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the question is exactly "why a reduced ring (commutative with 1) can be embedded into a sum of integral rings?" Is this simply because in the normalization process we can have many irreducible component?

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up vote 6 down vote accepted

Consider the obvious map from your ring $R$ to the direct product $\prod_{\mathfrak p}R/\mathfrak p$ of all the quotients of $R$ by all its prime ideals $\mathfrak p$. The kernel is zero precisely because the ring is reduced.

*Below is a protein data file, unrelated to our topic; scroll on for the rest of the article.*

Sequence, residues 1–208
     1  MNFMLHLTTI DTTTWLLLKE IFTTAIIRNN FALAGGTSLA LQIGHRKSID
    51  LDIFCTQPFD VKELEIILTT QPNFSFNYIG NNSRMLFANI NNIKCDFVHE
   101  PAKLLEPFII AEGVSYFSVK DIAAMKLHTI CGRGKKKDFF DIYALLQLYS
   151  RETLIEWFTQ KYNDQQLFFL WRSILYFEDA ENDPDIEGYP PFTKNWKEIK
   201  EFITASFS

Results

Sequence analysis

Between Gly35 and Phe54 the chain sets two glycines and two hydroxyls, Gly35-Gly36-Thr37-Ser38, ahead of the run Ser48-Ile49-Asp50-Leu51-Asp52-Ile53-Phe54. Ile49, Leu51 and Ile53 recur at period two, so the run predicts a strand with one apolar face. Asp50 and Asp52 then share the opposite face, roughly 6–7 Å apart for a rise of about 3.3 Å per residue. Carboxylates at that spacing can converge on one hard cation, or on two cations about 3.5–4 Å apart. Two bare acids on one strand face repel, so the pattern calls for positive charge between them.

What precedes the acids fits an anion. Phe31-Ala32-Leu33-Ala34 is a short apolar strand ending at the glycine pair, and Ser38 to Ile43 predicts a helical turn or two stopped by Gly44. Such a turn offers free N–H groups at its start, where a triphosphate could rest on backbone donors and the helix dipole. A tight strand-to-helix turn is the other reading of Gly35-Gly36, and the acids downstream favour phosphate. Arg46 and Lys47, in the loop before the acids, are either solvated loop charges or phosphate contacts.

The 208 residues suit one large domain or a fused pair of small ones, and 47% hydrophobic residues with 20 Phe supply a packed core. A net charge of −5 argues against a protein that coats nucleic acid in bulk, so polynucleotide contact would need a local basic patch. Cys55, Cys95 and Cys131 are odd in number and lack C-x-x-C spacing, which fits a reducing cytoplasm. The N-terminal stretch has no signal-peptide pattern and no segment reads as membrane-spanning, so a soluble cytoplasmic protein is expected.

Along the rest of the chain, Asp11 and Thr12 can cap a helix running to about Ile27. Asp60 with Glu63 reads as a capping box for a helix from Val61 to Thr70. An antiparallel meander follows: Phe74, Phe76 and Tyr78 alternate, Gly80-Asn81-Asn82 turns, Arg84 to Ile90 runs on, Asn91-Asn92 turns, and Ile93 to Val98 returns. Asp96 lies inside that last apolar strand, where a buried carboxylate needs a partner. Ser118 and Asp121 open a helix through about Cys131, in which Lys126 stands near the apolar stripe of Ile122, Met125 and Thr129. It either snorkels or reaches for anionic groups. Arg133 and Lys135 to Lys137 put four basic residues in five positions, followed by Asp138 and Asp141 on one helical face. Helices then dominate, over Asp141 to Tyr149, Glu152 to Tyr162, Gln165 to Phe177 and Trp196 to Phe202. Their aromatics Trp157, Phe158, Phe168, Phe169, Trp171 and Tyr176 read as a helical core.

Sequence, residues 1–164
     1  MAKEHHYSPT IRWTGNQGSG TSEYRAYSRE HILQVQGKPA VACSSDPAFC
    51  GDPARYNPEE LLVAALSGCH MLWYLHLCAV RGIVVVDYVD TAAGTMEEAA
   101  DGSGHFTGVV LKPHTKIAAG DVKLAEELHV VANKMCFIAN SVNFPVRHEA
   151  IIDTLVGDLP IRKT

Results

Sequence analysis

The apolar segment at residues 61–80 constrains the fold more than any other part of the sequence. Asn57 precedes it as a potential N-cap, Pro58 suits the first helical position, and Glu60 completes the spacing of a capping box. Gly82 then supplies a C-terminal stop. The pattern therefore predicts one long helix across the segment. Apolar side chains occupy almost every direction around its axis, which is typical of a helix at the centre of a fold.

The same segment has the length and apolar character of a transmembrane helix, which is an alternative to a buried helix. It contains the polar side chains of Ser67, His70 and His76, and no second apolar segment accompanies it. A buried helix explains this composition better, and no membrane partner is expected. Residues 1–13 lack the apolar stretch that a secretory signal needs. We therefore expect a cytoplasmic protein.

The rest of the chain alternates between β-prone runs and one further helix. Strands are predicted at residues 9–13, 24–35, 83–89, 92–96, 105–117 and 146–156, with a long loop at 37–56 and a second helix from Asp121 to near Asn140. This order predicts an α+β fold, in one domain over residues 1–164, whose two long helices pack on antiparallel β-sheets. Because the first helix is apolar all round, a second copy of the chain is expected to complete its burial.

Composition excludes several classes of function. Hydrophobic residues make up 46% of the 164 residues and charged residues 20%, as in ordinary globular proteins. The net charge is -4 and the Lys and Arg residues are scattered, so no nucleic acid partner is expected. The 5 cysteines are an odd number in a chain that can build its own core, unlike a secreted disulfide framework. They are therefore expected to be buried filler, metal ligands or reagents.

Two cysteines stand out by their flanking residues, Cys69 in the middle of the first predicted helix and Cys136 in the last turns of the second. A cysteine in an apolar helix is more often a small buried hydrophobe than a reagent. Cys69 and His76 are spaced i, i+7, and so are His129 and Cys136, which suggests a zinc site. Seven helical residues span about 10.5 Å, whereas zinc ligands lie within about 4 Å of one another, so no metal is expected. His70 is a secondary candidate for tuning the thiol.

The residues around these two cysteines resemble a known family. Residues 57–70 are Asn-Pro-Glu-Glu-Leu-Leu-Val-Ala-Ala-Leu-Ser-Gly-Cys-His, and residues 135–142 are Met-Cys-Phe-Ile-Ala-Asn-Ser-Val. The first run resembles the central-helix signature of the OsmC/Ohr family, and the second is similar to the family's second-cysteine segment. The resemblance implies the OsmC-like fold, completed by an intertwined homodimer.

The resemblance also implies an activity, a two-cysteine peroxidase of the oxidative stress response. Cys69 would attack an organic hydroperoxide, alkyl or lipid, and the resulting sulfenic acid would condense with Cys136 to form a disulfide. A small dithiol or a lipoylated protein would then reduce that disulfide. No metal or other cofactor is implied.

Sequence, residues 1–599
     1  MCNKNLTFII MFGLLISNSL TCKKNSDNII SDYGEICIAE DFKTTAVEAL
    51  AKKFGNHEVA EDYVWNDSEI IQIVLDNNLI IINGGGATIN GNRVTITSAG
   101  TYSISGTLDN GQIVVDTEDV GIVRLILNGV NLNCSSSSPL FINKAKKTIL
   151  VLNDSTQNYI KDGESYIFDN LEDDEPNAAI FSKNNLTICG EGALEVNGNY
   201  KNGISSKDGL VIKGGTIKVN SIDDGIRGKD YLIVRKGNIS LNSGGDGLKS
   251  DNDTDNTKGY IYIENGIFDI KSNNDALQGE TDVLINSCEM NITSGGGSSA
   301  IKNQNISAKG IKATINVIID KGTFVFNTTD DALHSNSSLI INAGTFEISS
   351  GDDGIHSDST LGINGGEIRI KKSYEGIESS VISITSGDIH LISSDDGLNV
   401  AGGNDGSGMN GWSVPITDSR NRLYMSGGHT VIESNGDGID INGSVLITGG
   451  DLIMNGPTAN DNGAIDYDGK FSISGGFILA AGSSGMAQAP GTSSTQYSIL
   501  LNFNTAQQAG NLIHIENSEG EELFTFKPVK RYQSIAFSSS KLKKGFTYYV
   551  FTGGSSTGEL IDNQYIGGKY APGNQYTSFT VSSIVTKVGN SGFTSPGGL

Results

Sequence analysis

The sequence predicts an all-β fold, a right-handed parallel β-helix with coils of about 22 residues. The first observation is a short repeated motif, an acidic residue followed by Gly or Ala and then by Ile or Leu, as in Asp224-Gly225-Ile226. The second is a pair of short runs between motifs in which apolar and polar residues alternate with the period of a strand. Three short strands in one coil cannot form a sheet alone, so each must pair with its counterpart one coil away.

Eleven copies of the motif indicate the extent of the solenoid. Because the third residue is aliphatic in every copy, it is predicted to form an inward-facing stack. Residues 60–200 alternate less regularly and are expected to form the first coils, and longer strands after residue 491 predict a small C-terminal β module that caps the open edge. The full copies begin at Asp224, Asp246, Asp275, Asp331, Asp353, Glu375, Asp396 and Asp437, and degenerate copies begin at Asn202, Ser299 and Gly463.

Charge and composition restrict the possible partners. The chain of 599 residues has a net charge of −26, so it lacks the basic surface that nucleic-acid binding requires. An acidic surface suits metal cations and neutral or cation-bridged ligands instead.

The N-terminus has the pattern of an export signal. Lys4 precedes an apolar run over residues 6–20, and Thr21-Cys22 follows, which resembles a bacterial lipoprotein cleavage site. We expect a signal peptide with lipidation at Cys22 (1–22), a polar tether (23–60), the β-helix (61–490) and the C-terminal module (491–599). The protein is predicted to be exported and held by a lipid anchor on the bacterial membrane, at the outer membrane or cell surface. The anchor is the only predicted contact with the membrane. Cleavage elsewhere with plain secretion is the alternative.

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Just a comment to supplement Mariano's answer (left as an answer for ease of formatting):

There is a (very) basic commutative algebra fact which is being taken as known here, namely that in any commutative ring, the intersection of all prime ideals -- called the nil radical of $R$ -- is also equal to the set of all nilpotent elements of $R$. Among infinitely many other places, see Proposition 53 in Section 4 of these notes for a proof.

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